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Navigating the Wild Blue Yonder

NavigationThink how easily you cruise to school along familiar routes. Now imagine trying to navigate the skies. No signs point you in the right direction, and there’s up and down to worry about in addition to North, South, East, and West. How do pilots find their way?

Your students can’t step into the cockpit, but these “pilot training lessons” developed by the Center for Innovation in Engineering and Science Education at the Stevens Institute of Technology will teach them the principles of aviation navigation in a fun series of activities.  They will earn their wings by using vectors and weather maps to track real planes flying in U.S. skies. Students then can test their knowledge by taking the Pilot Test Flight, using science and mathematics to solve such authentic, real-world problem as charting a course for an emergency landing.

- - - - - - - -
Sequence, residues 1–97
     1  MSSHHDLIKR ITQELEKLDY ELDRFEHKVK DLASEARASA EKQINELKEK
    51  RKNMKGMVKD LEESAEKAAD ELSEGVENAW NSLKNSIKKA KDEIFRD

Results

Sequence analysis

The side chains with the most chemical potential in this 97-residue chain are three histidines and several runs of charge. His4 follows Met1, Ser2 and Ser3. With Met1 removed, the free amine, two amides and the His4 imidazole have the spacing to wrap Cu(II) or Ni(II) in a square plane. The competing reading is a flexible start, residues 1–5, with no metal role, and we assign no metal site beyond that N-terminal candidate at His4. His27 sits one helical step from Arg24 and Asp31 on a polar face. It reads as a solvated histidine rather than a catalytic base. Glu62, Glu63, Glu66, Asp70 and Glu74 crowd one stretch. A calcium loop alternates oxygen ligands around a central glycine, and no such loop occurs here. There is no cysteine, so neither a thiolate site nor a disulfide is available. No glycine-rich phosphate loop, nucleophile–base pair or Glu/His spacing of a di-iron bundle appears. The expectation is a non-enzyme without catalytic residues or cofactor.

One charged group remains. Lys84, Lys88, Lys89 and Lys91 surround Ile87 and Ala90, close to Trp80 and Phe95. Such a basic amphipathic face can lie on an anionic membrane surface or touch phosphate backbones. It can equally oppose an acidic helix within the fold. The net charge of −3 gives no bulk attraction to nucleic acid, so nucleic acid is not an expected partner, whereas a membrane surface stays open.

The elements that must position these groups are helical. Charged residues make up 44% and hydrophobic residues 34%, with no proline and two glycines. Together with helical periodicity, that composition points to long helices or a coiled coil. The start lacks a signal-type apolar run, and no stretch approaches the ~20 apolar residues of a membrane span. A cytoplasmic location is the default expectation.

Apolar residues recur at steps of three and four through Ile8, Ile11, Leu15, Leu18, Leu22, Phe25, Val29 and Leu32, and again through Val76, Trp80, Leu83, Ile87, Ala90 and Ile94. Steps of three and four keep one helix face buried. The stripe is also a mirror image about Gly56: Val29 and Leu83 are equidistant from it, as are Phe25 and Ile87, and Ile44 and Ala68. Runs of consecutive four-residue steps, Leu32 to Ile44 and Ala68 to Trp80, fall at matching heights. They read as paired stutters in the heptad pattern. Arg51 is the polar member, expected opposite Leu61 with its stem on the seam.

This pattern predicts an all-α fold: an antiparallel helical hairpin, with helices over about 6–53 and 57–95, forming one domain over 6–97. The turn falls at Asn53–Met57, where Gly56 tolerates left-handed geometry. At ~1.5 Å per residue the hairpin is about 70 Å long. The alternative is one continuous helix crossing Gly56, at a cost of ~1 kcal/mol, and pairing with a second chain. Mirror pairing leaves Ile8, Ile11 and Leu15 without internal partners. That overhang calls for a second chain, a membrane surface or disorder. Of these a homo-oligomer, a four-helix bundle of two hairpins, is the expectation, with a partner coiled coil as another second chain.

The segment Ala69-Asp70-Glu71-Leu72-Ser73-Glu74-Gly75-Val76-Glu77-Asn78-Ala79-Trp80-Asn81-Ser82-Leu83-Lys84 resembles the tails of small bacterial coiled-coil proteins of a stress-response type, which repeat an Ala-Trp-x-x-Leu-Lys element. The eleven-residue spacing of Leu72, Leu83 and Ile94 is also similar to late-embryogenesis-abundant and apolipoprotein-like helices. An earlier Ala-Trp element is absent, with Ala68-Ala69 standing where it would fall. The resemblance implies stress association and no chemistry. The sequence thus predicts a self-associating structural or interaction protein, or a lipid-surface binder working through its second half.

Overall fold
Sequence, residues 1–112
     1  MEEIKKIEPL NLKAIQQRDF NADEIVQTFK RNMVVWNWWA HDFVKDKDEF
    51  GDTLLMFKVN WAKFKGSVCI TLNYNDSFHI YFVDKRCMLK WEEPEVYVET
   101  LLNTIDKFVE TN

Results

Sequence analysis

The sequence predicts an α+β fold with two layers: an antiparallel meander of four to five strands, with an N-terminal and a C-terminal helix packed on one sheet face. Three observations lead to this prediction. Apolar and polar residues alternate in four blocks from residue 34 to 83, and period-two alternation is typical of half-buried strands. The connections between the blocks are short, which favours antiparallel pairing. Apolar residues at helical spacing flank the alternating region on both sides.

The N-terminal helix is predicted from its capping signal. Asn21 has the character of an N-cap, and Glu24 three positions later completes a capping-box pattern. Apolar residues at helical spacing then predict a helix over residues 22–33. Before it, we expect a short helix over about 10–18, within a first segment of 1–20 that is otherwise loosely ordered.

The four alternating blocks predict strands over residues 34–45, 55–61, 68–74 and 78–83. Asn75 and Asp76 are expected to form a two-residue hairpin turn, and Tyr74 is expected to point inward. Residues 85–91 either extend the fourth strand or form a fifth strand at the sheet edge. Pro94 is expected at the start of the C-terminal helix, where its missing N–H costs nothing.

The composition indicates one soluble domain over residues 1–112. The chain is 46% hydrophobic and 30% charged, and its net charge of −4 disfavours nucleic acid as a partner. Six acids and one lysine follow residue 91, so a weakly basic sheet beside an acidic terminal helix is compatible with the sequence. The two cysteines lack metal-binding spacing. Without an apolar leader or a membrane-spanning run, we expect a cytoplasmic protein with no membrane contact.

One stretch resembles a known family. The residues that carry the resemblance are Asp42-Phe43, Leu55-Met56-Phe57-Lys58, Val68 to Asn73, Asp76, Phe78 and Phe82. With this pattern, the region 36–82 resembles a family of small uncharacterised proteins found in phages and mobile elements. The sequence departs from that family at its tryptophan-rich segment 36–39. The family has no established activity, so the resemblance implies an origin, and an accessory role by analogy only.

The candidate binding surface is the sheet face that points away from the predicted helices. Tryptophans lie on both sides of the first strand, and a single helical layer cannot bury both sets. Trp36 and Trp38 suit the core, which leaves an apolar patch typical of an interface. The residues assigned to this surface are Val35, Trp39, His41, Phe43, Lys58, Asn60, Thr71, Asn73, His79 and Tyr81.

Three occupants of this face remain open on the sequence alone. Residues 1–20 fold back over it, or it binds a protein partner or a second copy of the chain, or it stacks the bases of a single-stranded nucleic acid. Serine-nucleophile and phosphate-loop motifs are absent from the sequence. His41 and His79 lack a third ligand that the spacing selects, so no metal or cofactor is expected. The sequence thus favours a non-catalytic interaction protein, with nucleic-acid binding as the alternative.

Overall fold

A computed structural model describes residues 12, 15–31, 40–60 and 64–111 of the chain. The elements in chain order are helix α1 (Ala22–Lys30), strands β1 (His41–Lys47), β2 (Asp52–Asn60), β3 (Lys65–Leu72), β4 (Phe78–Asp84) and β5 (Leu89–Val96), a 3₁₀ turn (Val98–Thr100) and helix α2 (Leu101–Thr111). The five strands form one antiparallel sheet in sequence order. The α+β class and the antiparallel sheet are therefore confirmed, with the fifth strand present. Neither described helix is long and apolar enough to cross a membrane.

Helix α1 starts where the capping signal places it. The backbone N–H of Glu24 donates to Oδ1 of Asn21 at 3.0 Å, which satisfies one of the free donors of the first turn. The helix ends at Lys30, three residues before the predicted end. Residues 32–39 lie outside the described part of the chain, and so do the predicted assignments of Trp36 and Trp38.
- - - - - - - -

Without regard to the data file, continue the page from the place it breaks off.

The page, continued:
Five of the eight activities in the series are designed for a 45-minute class; the rest may require two periods.  They cover vector basics, wind velocity, relative velocity, and estimating arrival time. Even your junior pilots will find something to broaden their horizons.

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